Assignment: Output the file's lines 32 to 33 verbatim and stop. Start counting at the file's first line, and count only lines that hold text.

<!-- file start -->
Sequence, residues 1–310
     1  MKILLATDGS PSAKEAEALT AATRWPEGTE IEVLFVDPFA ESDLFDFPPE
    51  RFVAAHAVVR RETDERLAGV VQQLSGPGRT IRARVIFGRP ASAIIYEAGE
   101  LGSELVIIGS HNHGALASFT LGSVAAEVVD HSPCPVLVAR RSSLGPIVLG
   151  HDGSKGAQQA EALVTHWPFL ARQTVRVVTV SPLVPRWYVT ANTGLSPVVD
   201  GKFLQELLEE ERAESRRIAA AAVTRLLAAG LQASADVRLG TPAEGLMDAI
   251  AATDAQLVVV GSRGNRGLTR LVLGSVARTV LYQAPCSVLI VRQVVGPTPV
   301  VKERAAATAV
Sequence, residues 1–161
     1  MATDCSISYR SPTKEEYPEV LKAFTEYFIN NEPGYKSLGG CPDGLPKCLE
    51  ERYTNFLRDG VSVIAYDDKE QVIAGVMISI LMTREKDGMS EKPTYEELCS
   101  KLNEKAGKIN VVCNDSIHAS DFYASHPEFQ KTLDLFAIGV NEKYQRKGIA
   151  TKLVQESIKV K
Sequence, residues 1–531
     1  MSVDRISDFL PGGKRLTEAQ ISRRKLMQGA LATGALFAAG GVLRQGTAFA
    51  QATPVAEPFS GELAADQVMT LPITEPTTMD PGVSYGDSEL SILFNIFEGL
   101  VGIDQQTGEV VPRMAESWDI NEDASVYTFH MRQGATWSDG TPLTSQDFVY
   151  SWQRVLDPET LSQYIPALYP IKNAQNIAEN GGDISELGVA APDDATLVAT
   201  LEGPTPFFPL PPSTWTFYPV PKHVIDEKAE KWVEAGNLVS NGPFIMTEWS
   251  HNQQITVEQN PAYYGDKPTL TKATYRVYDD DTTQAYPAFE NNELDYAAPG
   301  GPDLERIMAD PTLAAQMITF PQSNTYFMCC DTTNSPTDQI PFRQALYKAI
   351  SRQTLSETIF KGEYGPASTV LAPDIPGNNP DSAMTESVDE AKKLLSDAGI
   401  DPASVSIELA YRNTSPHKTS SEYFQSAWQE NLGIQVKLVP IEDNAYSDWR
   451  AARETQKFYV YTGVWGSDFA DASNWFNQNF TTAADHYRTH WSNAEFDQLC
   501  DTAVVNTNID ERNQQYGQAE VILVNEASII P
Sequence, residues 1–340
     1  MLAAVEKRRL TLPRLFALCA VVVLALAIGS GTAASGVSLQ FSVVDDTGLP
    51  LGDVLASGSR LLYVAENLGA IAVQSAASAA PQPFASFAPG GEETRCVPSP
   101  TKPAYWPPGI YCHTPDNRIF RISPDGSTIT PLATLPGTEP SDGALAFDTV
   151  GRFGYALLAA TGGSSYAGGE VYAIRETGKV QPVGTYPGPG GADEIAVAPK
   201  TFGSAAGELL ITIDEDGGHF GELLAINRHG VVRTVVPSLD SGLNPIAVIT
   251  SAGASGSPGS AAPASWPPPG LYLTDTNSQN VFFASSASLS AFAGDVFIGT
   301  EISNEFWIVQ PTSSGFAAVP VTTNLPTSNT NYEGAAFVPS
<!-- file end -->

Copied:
   251  SAGASGSPGS AAPASWPPPG LYLTDTNSQN VFFASSASLS AFAGDVFIGT
   301  EISNEFWIVQ PTSSGFAAVP VTTNLPTSNT NYEGAAFVPS